Read lines 12–24 and restate the central idea from Emerson's "Self-Reliance."

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In this passage, Emerson calls readers toward nonconformity. He asks his audience to accept their individuality, their unique thoughts, and their distinctive value. Rather than comparing our ideas with others, Emerson wants all humans to fully embrace their especial ideas. He goes so far as to call each human's uniqueness...

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In this passage, Emerson calls readers toward nonconformity. He asks his audience to accept their individuality, their unique thoughts, and their distinctive value. Rather than comparing our ideas with others, Emerson wants all humans to fully embrace their especial ideas. He goes so far as to call each human's uniqueness "divine" or holy.

We but half express ourselves, and are ashamed of that divine idea which each of us represents.

He sees such great value in each person that he considers their thoughts to be almost religious, or god-like.

Additionally, he says that anyone who envies and imitates others, rather than embracing their selfhood, shows cowardice:

... but God will not have his work made manifest by cowards.

Emerson calls every human to live fully, using their differing gifts and their own powers to positively impact the world.

The power which resides in him is new in nature, and none but he knows what that is which he can do, nor does he know until he has tried.

In this quote, he says that each person has a unique power. They don't know what that power is until they embrace who they are—embracing their talents, their skills, their thoughts—to make a difference in their part of the world.

He suggests that there is plenty of good, plenty of the divine, around the world (in other people):

... that though the wide universe is full of good ...

Still, each person gains something of worth by living fully, relying on their own unique thoughts, desires, and actions. He shows this through a farming analogy:

... no kernel of nourishing corn can come to him but through his toil bestowed on that plot of ground which is given to him to till.

In this analogy, Emerson shows how each person can produce (or grow) something of value in his or her part of the world by embracing their personality. Each human can only live their fullest, most meaningful and world-changing life if they accept who they are. Every individual should trust that they are divine, valuable, and able to impact some part of the world for good.

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This section of Self-Reliance includes some of Emerson's most famous statements, especially that "envy is ignorance" and that "imitation is suicide." This, in fact, is the prevailing theme in the essay. He urges his readers to look inward for inspiration and to expect nothing from the world except that which comes through work and responsibility. He says that this is the only path to happiness:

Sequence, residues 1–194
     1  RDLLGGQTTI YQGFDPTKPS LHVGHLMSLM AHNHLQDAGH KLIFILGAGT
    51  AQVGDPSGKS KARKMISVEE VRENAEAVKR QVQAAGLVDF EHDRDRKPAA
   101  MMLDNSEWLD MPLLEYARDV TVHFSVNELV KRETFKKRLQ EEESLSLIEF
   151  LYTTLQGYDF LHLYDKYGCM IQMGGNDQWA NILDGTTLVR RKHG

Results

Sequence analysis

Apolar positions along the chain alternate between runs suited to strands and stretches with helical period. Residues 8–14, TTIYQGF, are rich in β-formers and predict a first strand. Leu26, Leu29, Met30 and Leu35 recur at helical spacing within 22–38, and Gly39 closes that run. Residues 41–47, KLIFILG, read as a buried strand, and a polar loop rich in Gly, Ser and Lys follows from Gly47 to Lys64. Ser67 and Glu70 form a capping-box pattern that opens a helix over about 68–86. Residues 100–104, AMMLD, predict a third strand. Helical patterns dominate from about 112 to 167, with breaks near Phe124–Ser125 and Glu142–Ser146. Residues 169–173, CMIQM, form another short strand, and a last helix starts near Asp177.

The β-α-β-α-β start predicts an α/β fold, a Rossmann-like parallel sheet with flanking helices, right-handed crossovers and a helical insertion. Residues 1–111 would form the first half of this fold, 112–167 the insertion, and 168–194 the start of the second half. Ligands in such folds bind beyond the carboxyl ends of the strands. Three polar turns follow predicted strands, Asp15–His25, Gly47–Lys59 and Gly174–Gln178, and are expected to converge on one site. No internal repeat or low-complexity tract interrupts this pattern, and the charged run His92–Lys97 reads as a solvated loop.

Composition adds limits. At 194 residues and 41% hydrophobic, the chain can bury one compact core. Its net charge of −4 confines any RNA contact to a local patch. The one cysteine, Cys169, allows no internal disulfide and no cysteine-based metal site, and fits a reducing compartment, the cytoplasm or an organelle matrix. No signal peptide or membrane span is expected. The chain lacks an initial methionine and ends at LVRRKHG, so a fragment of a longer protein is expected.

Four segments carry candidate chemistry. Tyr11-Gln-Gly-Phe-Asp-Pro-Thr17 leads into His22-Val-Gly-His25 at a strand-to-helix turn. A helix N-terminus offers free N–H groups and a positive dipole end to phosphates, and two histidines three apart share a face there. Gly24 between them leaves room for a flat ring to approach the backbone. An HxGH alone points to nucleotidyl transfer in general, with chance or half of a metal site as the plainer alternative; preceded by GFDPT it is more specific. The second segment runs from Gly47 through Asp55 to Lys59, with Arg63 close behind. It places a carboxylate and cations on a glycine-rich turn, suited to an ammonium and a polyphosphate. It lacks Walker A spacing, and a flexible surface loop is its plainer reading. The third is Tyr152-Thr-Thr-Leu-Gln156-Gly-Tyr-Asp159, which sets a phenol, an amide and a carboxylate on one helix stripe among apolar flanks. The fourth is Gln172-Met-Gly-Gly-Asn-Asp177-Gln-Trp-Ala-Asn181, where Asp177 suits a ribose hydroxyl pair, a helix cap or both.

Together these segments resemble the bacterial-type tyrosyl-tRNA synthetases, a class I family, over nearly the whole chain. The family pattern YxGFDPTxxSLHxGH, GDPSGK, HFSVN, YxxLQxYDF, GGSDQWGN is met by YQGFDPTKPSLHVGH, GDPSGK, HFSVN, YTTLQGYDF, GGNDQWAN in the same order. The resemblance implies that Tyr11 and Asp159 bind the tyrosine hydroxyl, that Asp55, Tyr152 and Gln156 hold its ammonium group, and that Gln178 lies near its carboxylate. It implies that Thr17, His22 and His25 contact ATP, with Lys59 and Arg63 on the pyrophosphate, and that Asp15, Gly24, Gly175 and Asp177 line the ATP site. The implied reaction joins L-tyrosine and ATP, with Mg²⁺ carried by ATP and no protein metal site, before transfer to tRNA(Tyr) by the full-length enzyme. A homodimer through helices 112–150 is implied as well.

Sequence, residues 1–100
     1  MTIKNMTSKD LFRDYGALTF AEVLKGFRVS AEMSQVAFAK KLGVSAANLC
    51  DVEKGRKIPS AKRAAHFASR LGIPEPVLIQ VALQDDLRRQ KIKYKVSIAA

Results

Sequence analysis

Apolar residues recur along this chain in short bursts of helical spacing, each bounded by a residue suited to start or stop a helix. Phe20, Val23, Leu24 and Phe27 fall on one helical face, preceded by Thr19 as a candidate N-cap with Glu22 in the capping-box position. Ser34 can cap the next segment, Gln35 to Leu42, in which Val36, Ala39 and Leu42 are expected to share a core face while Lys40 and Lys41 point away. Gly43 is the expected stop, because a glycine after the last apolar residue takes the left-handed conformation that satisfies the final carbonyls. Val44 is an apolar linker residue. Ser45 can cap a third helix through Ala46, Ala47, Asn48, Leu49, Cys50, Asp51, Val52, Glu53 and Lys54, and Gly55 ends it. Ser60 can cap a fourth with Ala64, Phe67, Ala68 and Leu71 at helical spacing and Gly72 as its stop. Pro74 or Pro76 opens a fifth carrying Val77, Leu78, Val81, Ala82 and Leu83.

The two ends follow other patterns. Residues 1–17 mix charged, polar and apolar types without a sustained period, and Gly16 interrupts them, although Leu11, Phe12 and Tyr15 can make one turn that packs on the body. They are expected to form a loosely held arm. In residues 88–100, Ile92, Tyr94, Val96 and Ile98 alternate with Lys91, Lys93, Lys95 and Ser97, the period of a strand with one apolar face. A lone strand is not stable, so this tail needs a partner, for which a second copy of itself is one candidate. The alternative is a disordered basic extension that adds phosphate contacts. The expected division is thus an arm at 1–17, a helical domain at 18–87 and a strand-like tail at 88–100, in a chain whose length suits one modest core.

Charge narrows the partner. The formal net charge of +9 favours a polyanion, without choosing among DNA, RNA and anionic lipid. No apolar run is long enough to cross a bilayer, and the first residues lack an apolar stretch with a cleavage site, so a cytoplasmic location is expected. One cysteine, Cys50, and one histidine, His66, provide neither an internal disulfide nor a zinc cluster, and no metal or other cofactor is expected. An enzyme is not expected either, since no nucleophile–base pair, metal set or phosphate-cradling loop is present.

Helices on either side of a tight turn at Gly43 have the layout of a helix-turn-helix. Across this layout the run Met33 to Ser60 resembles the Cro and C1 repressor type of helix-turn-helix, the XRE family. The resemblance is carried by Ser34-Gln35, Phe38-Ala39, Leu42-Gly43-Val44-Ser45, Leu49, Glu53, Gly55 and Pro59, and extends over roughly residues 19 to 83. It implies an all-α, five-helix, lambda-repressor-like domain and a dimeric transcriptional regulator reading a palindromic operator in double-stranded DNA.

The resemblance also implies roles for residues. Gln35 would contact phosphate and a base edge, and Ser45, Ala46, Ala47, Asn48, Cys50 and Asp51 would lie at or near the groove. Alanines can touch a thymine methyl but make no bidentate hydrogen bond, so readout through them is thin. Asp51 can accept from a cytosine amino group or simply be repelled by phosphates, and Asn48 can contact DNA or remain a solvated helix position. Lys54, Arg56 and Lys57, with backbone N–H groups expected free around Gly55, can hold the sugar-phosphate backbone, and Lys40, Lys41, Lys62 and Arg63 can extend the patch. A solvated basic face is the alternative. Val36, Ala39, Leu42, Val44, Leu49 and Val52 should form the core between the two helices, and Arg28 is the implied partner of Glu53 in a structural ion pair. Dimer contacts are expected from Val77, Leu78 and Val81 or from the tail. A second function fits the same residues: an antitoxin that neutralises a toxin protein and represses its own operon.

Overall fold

A man is relieved and gay when he has put his heart into his work and done his best; but what he has said or done otherwise, shall give him no peace.

It should be noted that Emerson, a writer and intellectual, is not so much referring to material success as intellectual and moral fulfillment. Emerson thought a sense of satisfaction could not come through seeking the approval of others nor relying on their ideas, but rather through an appeal to one's own heart. Later in the essay, he beseeches his reader to "trust thyself," and he emphasizes the uniqueness of each individual throughout the lines mentioned in this question. "The power that resides within" each individual "is new in nature," Emerson writes, and nobody can predict what that power is capable of until the person who possesses it put it to good use.

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In lines 12-24, Emerson states that self-reliance starts, as we might imagine, with the individual's decision that he must work hard to develop his talents: "no kernel of nourishing corn can come to him but through his toil bestowed on that plot of ground which is given to him to till." 

But self-reliance means more than simply doing hard work. It also involves discerning what particular task God has called you as an individual to do and then accepting that call. It means being original: "imitation is suicide." In Emerson's view, God has planted into each one of us a particular gift, what he calls a "preestablished harmony...that divine idea which each one of us represents." To develop this divine idea or gift means understanding who one is as a unique individual, and daring to be a nonconformist in pursuit of one's goals: "Trust thyself: every heart vibrates to that iron string." For that reason, self-reliance requires courage. In contrast, ignoring one's God-given call, no matter how hard a person might try to run away from it, will leave that individual tormented. " A man is relieved and gay when he has put his heart into his work," but not otherwise. 

In a nutshell, the self-reliant person must work hard, have the courage to find and follow the path God has laid out for him, and have faith that the only real peace of mind comes from following one's destiny, no matter what it might be.  

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